Chilean workers vs. Allende

On the Mises blog, Peter Klein links to a quirky historical piece in the New York Times about the early-70s experiment with a computer-run economy in Chile. It turns out that they never really got the thing up and running entirely before the coup in 1973, but regardless they were still fighting a futile effort against Mises, Hayek, and Robbins. Against such a line-up, victory is hardly possible. The NYT piece doesn't really discuss the state of the Chilean economy as a whole very much, but it was pretty dismal.

The piece is worth reading in its own right, but one thing struck me:

Cybersyn’s turning point came in October 1972, when a strike by truckers and retailers nearly paralyzed the economy. The interconnected telex machines, exchanging 2,000 messages a day, were a potent instrument, enabling the government to identify and organize alternative transportation resources that kept the economy moving.

The strike dragged on for nearly a month. While it weakened Mr. Allende’s Popular Unity party, the government survived, and Cybersyn was praised for playing a major role.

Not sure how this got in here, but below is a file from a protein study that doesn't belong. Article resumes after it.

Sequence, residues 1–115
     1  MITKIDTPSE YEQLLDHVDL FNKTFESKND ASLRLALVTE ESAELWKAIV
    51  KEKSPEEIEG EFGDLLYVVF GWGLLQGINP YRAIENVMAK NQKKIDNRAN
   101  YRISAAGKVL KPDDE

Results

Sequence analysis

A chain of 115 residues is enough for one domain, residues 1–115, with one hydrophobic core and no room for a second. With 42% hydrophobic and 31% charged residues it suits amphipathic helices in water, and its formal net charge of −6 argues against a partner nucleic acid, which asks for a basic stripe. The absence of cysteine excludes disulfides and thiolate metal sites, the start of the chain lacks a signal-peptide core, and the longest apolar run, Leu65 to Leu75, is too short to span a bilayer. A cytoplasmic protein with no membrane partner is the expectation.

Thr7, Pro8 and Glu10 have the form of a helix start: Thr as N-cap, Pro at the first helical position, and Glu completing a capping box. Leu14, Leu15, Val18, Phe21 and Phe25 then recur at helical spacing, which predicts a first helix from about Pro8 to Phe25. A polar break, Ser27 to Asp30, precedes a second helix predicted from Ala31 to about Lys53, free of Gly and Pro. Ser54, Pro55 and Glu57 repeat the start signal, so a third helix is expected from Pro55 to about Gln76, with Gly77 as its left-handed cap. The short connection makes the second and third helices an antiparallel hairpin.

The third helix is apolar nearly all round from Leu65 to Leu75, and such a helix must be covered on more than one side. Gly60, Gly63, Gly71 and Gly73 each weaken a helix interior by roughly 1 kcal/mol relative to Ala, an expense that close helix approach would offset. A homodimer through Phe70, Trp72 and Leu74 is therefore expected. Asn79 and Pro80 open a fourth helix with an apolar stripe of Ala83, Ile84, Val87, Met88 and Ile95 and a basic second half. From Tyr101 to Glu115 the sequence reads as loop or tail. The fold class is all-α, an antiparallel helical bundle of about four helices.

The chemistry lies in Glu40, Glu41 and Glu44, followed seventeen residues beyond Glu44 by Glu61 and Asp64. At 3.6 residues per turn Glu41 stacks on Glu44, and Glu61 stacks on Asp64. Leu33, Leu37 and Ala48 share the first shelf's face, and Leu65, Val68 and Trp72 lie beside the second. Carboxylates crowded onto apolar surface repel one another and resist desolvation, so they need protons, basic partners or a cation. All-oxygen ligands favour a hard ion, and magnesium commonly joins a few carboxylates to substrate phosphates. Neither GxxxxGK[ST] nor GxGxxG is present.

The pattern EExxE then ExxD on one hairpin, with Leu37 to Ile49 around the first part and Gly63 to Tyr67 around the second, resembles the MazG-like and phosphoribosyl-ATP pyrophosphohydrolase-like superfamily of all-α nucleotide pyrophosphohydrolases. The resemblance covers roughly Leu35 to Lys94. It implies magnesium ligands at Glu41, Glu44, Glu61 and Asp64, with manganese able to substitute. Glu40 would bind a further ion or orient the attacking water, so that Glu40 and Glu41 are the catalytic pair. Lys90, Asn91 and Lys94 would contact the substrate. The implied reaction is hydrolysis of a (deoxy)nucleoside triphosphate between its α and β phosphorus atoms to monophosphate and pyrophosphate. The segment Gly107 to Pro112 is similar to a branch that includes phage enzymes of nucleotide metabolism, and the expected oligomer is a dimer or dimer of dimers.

Salvador Allende is most remember today for being on the wrong end of the coup d'etat of 1973, which cost him his life. The extent of foreign involvement is still debated, so I won't get into that, though I suspect Richard Nixon and his gang had more to do with it than they'd want the world to know. Even if it were just home grown Chilean right-wingers that did the deeds, Allende has still become a symbol to many on the far end of the Left. Allende the Marxist strike-breaker.

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It depends on WHO is doing the strike-breaking

Capitalist pigs? It's evil. A "revolutionary", quasi-authoritarian Social Democratic president? It's ignored.